Location
KVS - Salle Bol
146 Rue de Laeken
1000 Brussels

Text Toni Morrison

Music Rokia Traoré
Musical Interpretation Rokia Traoré + Band & Chorus
Actor Elizabeth Marvel
Director Peter Sellars

Language
In English, surtitled in Dutch and French

Price
Catégorie I: € 36 / 30
Catégorie II: € 20 / 16

Info & tickets
BOZAR +32 (0)2 507 82 00 - www.bozar.be | KVS: T 02 210 11 12 - www.kvs.be

Coproduction: Wiener Festwochen ,Théâtre Nanterre - Amandiers, Cal Performances, Berkeley, California , Lincoln Center For The Performing Arts, New YorK, Spielzeit'europa I Berliner, Festspiele, Barbican, London, Arts, Council London and London 2012 Festival

Copresentation: BOZAR THEATRE | KVS

 

 

 




4 reactions to this article

Georgia in NC posted: 2011-05-27 14:08:01

Can you please quote a source for your statement that Toni Morrison would not call herself a feminist?

Erin Russell Thiessen, Editor BE posted: 2011-05-31 12:22:17

Hi Georgia,
Thanks for the excellent question.
In Salon she stated that she thinks "it's off-putting to some readers, who may feel that I'm involved in writing some kind of feminist tract. I don't subscribe to patriarchy, and I don't think it should be substituted with matriarchy. I think it's a question of equitable access, and opening doors to all sorts of things."
Jaffrey, Zia (February 2, 1998). "The Salon Interview with Toni Morrison". Salon.com. http://www.salon.com/books/int/1998/02/cov_si_02int.html.

Margaret Atwood has also made similar comments. It raises the question: what defines a feminist writer? What are your thoughts as to the Morrison quote? Would you define her as a feminist writer?

Ken posted: 2011-10-27 19:51:04

I saw this performed last evening (10/26/2011) at Zellerbach Playhouse at the University of California at Berkeley.

In the reviews to date no one has mentioned that Morrison's writing for this piece is ham fisted polemic making it hard to believe that Desdemona was written by a Nobel Laureate for literature. At the same time the props and setting lent nothing to the basic concept and appeared to be designed only to fill up an empty stage.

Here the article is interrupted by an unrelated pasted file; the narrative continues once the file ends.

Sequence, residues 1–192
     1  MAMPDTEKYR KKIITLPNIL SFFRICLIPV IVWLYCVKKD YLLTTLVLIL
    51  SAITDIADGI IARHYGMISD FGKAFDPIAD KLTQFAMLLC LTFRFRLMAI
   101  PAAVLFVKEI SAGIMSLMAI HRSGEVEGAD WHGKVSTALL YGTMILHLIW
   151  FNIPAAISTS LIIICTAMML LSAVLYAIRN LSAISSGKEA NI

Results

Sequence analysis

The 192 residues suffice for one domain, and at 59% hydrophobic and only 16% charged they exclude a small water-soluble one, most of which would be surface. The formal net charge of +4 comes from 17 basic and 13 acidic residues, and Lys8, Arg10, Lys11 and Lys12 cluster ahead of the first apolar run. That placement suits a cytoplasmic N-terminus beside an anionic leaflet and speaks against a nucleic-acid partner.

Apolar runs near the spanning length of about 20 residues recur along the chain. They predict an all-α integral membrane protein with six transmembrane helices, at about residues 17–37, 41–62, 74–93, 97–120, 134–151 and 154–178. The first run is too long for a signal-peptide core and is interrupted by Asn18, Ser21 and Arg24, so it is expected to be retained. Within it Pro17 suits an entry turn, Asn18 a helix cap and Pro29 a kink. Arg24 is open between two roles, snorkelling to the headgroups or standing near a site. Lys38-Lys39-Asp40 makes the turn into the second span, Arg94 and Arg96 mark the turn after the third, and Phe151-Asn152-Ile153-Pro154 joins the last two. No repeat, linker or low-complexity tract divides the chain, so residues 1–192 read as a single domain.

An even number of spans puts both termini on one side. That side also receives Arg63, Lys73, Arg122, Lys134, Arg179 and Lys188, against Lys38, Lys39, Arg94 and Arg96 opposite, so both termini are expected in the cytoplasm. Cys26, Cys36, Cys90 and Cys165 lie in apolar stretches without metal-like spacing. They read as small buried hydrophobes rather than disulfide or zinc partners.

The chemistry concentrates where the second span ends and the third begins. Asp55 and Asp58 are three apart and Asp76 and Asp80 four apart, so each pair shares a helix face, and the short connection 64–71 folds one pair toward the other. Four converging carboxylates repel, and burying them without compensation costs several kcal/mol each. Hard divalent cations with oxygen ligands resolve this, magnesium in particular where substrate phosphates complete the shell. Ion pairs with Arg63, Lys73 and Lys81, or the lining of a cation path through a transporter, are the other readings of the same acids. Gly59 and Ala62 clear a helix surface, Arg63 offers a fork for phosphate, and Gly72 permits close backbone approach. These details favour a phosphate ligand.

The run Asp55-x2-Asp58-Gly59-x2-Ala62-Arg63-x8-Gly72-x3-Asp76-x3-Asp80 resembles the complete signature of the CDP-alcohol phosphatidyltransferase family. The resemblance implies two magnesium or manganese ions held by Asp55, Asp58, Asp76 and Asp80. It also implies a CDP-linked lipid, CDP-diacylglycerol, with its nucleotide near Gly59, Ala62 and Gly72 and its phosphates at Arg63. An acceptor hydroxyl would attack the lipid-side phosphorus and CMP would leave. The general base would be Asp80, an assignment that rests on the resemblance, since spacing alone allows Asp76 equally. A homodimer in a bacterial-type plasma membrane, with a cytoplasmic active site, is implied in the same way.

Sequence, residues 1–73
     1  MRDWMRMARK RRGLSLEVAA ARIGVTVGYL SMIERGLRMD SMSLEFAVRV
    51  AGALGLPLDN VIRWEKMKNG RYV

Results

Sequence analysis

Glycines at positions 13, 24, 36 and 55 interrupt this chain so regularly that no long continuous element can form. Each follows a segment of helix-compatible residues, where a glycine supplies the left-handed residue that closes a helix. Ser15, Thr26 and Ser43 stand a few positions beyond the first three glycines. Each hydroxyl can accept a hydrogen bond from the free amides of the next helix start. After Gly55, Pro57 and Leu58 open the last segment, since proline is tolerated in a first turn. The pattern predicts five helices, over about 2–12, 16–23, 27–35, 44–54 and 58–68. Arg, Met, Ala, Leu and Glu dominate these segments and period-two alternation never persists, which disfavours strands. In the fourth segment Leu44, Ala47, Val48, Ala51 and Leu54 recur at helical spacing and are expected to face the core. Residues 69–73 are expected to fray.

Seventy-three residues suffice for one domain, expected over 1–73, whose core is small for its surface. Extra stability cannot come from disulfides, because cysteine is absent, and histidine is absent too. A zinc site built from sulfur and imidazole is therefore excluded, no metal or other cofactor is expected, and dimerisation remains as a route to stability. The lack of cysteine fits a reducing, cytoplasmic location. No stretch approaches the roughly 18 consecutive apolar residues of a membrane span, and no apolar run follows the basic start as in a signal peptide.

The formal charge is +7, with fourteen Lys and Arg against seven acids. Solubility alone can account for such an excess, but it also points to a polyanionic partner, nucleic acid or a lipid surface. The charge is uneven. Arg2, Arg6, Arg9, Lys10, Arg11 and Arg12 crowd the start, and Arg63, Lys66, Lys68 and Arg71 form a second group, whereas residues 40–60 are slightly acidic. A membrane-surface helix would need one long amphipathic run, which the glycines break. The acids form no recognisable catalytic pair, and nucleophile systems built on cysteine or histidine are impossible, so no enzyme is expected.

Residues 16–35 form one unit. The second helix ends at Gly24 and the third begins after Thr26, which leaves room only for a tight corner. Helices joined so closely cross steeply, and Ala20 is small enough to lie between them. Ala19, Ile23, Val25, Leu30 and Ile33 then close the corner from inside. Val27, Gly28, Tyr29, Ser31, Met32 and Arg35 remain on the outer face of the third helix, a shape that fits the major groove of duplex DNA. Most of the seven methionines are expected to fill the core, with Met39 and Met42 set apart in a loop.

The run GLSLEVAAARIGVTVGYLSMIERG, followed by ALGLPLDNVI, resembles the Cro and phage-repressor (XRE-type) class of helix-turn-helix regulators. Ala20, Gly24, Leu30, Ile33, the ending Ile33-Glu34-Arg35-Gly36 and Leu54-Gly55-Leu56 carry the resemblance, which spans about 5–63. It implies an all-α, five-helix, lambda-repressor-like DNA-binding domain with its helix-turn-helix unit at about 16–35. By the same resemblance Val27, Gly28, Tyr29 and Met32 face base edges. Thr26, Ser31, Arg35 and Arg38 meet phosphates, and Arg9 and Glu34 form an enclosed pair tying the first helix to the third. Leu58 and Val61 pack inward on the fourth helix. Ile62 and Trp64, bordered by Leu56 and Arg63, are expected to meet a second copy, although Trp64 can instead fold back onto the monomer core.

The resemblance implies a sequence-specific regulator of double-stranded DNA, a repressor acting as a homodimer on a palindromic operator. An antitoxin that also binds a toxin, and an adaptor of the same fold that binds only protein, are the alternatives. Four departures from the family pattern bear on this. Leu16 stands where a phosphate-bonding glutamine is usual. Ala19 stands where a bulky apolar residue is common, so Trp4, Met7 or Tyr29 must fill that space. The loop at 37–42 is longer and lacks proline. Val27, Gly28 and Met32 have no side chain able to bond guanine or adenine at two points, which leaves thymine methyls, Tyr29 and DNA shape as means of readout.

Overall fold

At Zellerbach a sophisticated audience was polite but clearly not impressed.

Louis Profeta posted: 2012-04-12 17:10:24

Read Toni Morrison's Beloved, this past weekend, in complete awe. Didn't know stories so deep existed. Will Desdemona be coming to New York at some future time, I'm so impressed.

4 reactions to this article

Georgia in NC posted: 2011-05-27 14:08:01

Can you please quote a source for your statement that Toni Morrison would not call herself a feminist?

Erin Russell Thiessen, Editor BE posted: 2011-05-31 12:22:17

Hi Georgia,
Thanks for the excellent question.
In Salon she stated that she thinks "it's off-putting to some readers, who may feel that I'm involved in writing some kind of feminist tract. I don't subscribe to patriarchy, and I don't think it should be substituted with matriarchy. I think it's a question of equitable access, and opening doors to all sorts of things."
Jaffrey, Zia (February 2, 1998). "The Salon Interview with Toni Morrison". Salon.com. http://www.salon.com/books/int/1998/02/cov_si_02int.html.

Margaret Atwood has also made similar comments. It raises the question: what defines a feminist writer? What are your thoughts as to the Morrison quote? Would you define her as a feminist writer?

Ken posted: 2011-10-27 19:51:04

I saw this performed last evening (10/26/2011) at Zellerbach Playhouse at the University of California at Berkeley.

In the reviews to date no one has mentioned that Morrison's writing for this piece is ham fisted polemic making it hard to believe that Desdemona was written by a Nobel Laureate for literature. At the same time the props and setting lent nothing to the basic concept and appeared to be designed only to fill up an empty stage.

At Zellerbach a sophisticated audience was polite but clearly not impressed.

Louis Profeta posted: 2012-04-12 17:10:24

Read Toni Morrison's Beloved, this past weekend, in complete awe. Didn't know stories so deep existed. Will Desdemona be coming to New York at some future time, I'm so impressed.